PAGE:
HAZY said:Lovely set Mike and brings back special memories of our one and only trip to Titchwell a few years back when we happened to choose the day when so many special sightings were visiting; it has such a varied habitat so lots of lovely species to be found as well as a great place to explore. Bet you are enoying more free time in your retirement now :)
Definitely enjoying the new found freedom, even though I was a little apprehensive at the start, a change to 45 years working, that initial feeling of getting old, etc etc, but that's all history now, and freedom is the future.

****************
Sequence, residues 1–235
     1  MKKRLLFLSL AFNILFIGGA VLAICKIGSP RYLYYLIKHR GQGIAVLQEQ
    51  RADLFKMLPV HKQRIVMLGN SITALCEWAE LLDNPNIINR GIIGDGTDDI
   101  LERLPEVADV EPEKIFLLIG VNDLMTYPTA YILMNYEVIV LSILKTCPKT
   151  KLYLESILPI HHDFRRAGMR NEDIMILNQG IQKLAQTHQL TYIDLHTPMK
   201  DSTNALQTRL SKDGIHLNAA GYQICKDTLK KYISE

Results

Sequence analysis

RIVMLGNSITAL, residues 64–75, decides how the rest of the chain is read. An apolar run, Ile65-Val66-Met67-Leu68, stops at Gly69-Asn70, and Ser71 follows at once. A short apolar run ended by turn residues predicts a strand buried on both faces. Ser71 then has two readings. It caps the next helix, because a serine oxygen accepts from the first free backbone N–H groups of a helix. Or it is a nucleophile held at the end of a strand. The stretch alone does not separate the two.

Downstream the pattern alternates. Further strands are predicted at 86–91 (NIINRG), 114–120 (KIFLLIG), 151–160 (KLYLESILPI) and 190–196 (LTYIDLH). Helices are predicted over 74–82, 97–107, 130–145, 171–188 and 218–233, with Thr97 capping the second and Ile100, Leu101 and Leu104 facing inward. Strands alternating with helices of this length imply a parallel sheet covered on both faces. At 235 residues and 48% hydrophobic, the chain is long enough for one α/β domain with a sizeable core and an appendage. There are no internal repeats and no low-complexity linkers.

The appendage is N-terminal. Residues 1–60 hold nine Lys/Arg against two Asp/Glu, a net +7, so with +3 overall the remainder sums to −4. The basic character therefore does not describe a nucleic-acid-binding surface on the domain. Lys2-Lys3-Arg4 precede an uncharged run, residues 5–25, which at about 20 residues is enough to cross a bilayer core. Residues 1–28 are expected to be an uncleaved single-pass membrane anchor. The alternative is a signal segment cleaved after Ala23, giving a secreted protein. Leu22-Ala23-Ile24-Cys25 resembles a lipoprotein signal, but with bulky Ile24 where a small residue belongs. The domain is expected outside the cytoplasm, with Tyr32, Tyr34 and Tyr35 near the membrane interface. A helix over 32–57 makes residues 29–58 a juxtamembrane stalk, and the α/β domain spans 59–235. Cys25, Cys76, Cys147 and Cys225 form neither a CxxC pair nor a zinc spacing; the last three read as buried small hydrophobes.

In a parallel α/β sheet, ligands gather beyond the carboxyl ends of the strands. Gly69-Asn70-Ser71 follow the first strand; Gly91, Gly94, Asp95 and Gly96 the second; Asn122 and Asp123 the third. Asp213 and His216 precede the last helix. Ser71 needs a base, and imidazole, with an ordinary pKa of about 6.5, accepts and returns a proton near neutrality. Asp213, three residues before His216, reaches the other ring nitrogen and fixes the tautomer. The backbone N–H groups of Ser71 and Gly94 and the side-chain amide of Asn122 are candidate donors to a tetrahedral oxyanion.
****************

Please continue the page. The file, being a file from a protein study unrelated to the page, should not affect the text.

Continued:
Titchwell is completely new territory, a total marsh and sea environment, against reed wetlands and estuaries, and I feel lots to explore, plus, bearded tits, I need a piccie or two of those cutties.
In reply to PimperneBloke:
PimperneBloke said:Looks nice there Mike, I think our next venture away is over that way, I must try and persuade Mrs PB into a visit :o)
It was a fascinating day, and being of a different environment to what I'm used to, certainly requires another visit.
If Mrs PB needs a little persuasion, King's Lynn (or Hunstanton) could offer the right sort of retail opportunities, and I know a good place for a meal to end the day with, nicely.
(Pardon the Scottish Accent)
In reply to Mike B:
Michael B said:If Mrs PB needs a little persuasion, King's Lynn (or Hunstanton) could offer the right sort of retail opportunities